The Best Tankless Water Heater Buying Guide

Here are some tips and things to consider before purchasing your new tankless water heating system.

Make sure to choose the right size.

The first thing to consider is what size water heater you will need. Tankless water heaters vary in size. Some are small enough to take with you on a camping trip while others can be large enough to heat the water in large homes. So to make sure you purchase the right water heater for your home, you first need to think about what is the maximum hot water you will need to be using at once. Maybe your home has multiple showers that people will be using at the same time. Or maybe you live by yourself and will never be using hot water in more than one room at a time. Whatever your need may be there is a tankless water heater out there for you.

You have figured out how much hot water you need. Now what?

Flow Rate EstimatesBathroom Faucet:0.5–1.5gpm

Kitchen Faucet:1.0–2.0gpm

Low Flow Showerhead:1.0–2.5gpm

High Flow Showerhead:3.0–4.0gpm


Laundry Machine: 1.5–2.5gpm

Well you need to convert this into gallons per minute to find the right size water heater for you. Although water heaters that have lower flow rates are generally much cheaper, I wouldn’t recommend cutting any corners when it comes to choosing size. The water can go from hot to cold and will not stay at a constant temperature if the water heater is too small. On the chart above I have provided a general idea of the flow rate in gallons per minute that the average household appliances use. This should just be used as a guide; actual usage could vary for your house. Just add up the maximum gpm you will need at once and you’ll have the size of the tankless water heater you need for your home.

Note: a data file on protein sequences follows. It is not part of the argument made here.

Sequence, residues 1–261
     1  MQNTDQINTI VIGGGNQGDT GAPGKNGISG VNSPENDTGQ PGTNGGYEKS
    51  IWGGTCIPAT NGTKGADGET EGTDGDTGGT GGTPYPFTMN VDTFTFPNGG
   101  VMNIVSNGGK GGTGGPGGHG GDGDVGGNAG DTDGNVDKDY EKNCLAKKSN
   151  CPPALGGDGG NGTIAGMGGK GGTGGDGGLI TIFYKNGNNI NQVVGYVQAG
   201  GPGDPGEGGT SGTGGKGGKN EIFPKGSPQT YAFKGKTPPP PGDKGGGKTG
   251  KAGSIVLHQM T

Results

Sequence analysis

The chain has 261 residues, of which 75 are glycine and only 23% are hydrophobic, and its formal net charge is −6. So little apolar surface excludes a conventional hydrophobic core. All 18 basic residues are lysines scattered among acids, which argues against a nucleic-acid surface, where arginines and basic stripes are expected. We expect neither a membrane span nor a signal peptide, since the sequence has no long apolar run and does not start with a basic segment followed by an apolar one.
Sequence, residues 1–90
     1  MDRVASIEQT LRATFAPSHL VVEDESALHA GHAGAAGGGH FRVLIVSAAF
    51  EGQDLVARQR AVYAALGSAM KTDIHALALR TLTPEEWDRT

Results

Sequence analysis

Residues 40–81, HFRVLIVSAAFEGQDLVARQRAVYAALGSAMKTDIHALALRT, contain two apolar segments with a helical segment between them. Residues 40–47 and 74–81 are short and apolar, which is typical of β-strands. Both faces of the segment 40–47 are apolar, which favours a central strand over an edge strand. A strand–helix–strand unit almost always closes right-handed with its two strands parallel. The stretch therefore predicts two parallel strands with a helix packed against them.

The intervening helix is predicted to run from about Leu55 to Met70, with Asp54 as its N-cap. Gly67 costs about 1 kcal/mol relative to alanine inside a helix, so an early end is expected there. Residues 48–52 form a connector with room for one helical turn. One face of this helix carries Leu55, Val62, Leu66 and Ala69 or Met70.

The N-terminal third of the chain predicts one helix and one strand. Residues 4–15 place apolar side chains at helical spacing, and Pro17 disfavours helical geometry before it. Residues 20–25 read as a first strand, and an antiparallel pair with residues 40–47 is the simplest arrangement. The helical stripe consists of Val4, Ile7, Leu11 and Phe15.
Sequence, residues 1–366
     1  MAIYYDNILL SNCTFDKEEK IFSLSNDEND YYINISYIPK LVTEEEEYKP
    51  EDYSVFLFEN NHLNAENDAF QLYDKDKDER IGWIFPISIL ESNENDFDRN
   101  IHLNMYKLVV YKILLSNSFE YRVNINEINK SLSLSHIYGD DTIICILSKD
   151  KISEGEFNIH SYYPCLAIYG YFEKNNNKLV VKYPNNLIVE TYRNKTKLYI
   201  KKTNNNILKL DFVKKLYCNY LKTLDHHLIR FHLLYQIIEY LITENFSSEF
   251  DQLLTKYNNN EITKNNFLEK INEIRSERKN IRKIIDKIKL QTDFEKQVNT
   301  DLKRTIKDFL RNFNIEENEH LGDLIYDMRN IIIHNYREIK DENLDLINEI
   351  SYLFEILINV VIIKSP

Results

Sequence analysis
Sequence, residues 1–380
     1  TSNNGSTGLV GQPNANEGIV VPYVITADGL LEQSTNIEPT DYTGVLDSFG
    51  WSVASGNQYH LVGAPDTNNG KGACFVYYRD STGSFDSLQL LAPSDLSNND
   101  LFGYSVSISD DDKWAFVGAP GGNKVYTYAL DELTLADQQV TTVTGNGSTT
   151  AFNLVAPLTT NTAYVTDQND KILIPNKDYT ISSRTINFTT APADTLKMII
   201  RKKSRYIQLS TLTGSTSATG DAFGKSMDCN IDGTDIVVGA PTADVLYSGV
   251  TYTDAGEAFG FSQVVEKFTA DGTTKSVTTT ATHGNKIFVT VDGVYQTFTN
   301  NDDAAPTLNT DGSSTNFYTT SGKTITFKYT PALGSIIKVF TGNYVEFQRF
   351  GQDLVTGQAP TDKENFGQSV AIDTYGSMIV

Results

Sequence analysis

You mean temperature could affect my heater’s flow rate?

Yes, so you may want to consider the climate you are in before finalizing your purchase. Because the tankless water heater heats the water while it passes through the system, the temperature of the incoming water can have an effect on the flow rate that is coming out of your water heater. For instance if you live in a warm climate and the incoming water never gets below 70 degrees Fahrenheit then your tankless water heater will run much more efficiently because it only has to raise the temperature of the water slightly which could even increase your system’s flow rate. The bad news is that this means for those in colder climates, your heaters will be less efficient because your water temperature will need to be raised much higher and could lessen your flow rate. This may not have a drastic impact on the efficiency but it is something to consider when making your purchase. Just remember that the colder your climate is, the less flow rate your tankless water heater will produce.

Consider if you need Gas or Electric.

When choosing between gas or electric there are a few things to think about. Gas powered tankless water heaters will require ventilation so unless you already have an easy way to make a vent for your new tankless system, I would recommend going with electric. Electric water heaters do not need ventilation so it gives you more options where to install the water heater. Also electric water heaters are cheaper to purchase but have a slightly higher cost to operate on average. Whichever route you choose to go keep in mind when installing to make sure you have the correct voltage or gas line to fit your water heater. Also you may want to note if you are planning on saving hundreds of dollars and installing the system yourself that you could possibly forfeit certain warranties which include lifetime warranties for many products by not having a licensed professional install the system.

Full guide:

One clap, two clap, three clap, forty?

By clapping more or less, you can signal to us which stories really stand out.